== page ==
THESE hot summer days call for chilled starters and even chillier desserts, with a really cool main course to meld everything together. And I know that lamb was on the menu last week, but it is so rare to I spot a rack of lamb in a store’s butchery section that looks just right, and I couldn’t resist.
If racks of lamb are made up and packaged, almost invariably they’ve been dunked in something you might not choose to flavour your meat with, which defeats half of the point of cooking a rack, which hardly needs much help in the flavour department.
These racks were in a marinade, in the butchery section of the Cape Quarter Food Spar, but the butchery’s manager told me that they had more “upstairs’. So he prepared me four racks, sans marinade. They had been given a French trim. (Calm yourself, Daisy, it’s nothing to do with a Brazilian. It means the bones have been trimmed and excess fat removed.)
Racks are not cheap. Expect to pay a good R50 per portion. I also bought fresh tomatoes, for a chilled summer soup, and fresh strawberries, for a sorbet.
The racks still had the layer of fat and a sliver of meat that is best trimmed away. Most of it pulls away by hand, but you’ll need a knife for parts of the edges. This leaves you with a rack of cutlets each with a thin layer of fat just covering the meat. Don’t throw the whole trimmed part away. Trim off the sliver of meat, and dice this to go into the sauce, but discard the fat layer.
Cook racks in two stages. First sear them one at a time in melted butter and olive oil (which should be foaming when you put the rack in) and cook for two minutes on each side (including the bony, meaty edge). Set them aside to cool for the second cooking stage later on. If refrigerating, bring to room temperature before finishing in the oven.
In the meantime, make a tomato and basil soup. Sweat chopped ripe tomatoes in olive oil to soften them and for the flavours to develop. Add a tin of chopped Italian tomatoes (they’re more flavourful) and 500ml of a good quality tomato purée such as passata. Season and simmer for five minutes. Strain through a fine sieve (into a bowl, Daisy, it’s the juices you want, not the pulp). Cool. Shred fresh basil into this and chill. When you’re ready to serve, strain the soup, discard the basil and serve garnished with fresh basil or a chiffonade of basil – curl a few leaves into a roll and sliver them on a chopped board to scatter on the soup.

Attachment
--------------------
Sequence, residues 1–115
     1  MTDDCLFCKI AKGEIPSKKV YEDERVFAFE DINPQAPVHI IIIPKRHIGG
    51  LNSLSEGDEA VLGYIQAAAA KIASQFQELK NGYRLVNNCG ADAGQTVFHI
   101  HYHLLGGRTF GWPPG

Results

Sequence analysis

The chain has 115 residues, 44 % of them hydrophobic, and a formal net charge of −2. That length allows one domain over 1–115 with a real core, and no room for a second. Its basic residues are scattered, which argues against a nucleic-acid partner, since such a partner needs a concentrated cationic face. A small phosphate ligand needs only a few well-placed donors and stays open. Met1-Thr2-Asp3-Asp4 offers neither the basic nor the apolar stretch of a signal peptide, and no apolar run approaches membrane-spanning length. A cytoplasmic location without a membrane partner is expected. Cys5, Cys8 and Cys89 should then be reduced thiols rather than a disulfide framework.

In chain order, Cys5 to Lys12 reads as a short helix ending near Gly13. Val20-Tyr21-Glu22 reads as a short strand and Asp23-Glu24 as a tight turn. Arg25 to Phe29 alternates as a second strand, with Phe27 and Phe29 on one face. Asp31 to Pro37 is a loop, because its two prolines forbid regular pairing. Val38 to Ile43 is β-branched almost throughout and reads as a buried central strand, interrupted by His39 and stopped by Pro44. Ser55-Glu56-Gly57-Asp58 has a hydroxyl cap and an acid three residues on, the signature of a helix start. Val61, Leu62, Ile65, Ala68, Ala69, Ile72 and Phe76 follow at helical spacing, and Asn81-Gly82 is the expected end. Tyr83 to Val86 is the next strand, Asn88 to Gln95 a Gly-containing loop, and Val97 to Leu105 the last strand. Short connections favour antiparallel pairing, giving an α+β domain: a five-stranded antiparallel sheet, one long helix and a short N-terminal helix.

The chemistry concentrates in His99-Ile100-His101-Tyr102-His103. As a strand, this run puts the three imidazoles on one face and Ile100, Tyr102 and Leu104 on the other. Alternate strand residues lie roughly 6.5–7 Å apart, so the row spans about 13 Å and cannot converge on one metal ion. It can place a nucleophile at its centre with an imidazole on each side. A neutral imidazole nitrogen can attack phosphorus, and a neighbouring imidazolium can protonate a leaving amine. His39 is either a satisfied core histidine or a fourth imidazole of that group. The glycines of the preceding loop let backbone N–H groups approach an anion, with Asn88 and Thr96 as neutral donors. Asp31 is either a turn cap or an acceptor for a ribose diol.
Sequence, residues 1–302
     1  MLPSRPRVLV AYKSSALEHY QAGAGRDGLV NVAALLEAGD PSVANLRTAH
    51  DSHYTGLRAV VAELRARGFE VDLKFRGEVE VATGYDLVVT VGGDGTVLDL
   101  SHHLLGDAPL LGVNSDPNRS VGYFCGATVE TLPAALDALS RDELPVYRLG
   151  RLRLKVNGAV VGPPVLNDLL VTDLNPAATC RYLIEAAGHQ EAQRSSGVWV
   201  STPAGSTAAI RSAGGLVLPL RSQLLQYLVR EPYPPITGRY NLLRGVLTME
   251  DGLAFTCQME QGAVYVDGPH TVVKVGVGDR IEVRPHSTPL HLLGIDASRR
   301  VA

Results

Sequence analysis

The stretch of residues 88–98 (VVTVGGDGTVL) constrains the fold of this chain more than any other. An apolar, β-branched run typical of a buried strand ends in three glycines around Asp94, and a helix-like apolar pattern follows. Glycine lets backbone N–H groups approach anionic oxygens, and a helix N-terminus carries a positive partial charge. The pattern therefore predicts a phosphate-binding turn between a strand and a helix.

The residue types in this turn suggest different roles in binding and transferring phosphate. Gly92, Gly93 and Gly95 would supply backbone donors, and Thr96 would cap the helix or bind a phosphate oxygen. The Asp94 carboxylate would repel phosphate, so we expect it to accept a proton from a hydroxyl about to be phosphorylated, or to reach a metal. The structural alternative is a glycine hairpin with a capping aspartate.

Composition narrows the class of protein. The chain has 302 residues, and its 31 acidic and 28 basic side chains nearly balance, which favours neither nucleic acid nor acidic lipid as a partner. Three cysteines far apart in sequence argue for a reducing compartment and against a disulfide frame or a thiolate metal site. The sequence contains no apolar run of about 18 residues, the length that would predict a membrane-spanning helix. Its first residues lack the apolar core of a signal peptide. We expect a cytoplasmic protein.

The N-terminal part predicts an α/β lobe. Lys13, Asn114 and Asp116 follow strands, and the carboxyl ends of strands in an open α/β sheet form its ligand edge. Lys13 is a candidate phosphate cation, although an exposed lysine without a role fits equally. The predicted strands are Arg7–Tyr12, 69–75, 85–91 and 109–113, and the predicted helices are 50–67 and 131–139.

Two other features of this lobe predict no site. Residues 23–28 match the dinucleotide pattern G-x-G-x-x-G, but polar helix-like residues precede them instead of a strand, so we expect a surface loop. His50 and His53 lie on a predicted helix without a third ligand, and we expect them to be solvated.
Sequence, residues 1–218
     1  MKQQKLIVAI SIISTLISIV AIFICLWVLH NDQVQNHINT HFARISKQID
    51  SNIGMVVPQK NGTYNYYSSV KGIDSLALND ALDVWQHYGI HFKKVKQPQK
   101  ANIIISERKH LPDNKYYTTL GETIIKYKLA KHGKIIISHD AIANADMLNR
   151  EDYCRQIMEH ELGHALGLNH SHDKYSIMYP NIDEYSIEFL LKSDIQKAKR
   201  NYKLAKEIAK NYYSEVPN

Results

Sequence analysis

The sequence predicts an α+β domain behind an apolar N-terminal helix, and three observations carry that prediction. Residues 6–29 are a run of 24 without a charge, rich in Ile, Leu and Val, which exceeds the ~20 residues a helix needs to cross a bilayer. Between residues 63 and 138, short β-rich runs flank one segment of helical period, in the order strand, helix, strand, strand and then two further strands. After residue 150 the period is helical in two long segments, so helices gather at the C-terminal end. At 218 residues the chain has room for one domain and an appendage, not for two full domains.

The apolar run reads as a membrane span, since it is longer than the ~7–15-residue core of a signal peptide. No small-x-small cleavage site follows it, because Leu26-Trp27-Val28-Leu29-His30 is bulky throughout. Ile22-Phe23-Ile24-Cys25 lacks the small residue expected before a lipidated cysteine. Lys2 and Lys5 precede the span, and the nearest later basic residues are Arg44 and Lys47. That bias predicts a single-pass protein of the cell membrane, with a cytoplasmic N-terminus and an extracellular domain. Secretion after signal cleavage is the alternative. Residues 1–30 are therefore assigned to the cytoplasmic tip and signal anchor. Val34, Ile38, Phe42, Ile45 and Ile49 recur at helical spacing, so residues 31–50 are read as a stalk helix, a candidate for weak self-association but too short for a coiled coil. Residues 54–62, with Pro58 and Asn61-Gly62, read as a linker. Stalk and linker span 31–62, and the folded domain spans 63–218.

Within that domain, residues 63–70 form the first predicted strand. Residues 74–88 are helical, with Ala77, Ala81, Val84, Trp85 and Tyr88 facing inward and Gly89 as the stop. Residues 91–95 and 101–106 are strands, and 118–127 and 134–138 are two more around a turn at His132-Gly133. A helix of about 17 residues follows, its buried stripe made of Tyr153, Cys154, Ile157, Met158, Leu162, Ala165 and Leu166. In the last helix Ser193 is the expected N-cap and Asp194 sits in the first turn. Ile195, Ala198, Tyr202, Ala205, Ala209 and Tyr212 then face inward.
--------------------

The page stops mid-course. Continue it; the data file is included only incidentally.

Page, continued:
Make an olive herb crust by blitzing two slices of day-old white bread in the blender with two or three sprigs each of parley, thyme, oregano and rosemary and eight pitted black olives. Season.
When you’re ready to cook the racks, place them bone-side down in a roasting pan, brush liberally with mustard, and pack the crumb mixture on. Cook in a preheated 240degree oven for 10 to 14 minutes, depending on how pink you want them, then remove, cover with foil and leave to rest for five minutes. Carefully cut them into cutlets using a very sharp knife, and arrange them. They look great with the little rack bones facing skywards but I did not do that, because I wanted you to see the crust in the picture. I served them with creamy mashed potato and baby leeks.
Strawberry sorbet is a wicked way to end a summer’s meal. I actually did strawberries two ways – the sorbet, and halved strawberries macerated for 30 minutes in cherry kirsch. Extremely yummy. For the sorbet you need 250g caster sugar, 500g strawberries, 2 tablespoons of balsamic vinegar and an egg white. First make a syrup by bringing the sugar and 250ml water to a simmer and cooking for two or three minutes while stirring. Cool and refrigerate to chill. Blend the strawberries finely and then puish through a sieve. This will give you plenty of pulpy juice. Discard the residue in the sieve. Stir in the balsamic vinegar and the chillded syrup. Pour into a container and freeze for five hours.
Then remove and scrape it up with a fork to blend thoroughly but quickly. Beat one egg white until it’s nice and frothy, and fold this thoroughly into the strawberry mix. Freeze again for several hours. Half an hour before serving, pour a generous splash or three of cherry kirsch or similar into the halved sterawberries, stir and refrigerate for 30 minutes. Serve in glasses, garnished with mint, a form of garnishing which in some circles is called a Greek. Something to do with the way the mint is trimmed, apparently. Don’t try it, Daisy.
First published in Weekend Argus February 2011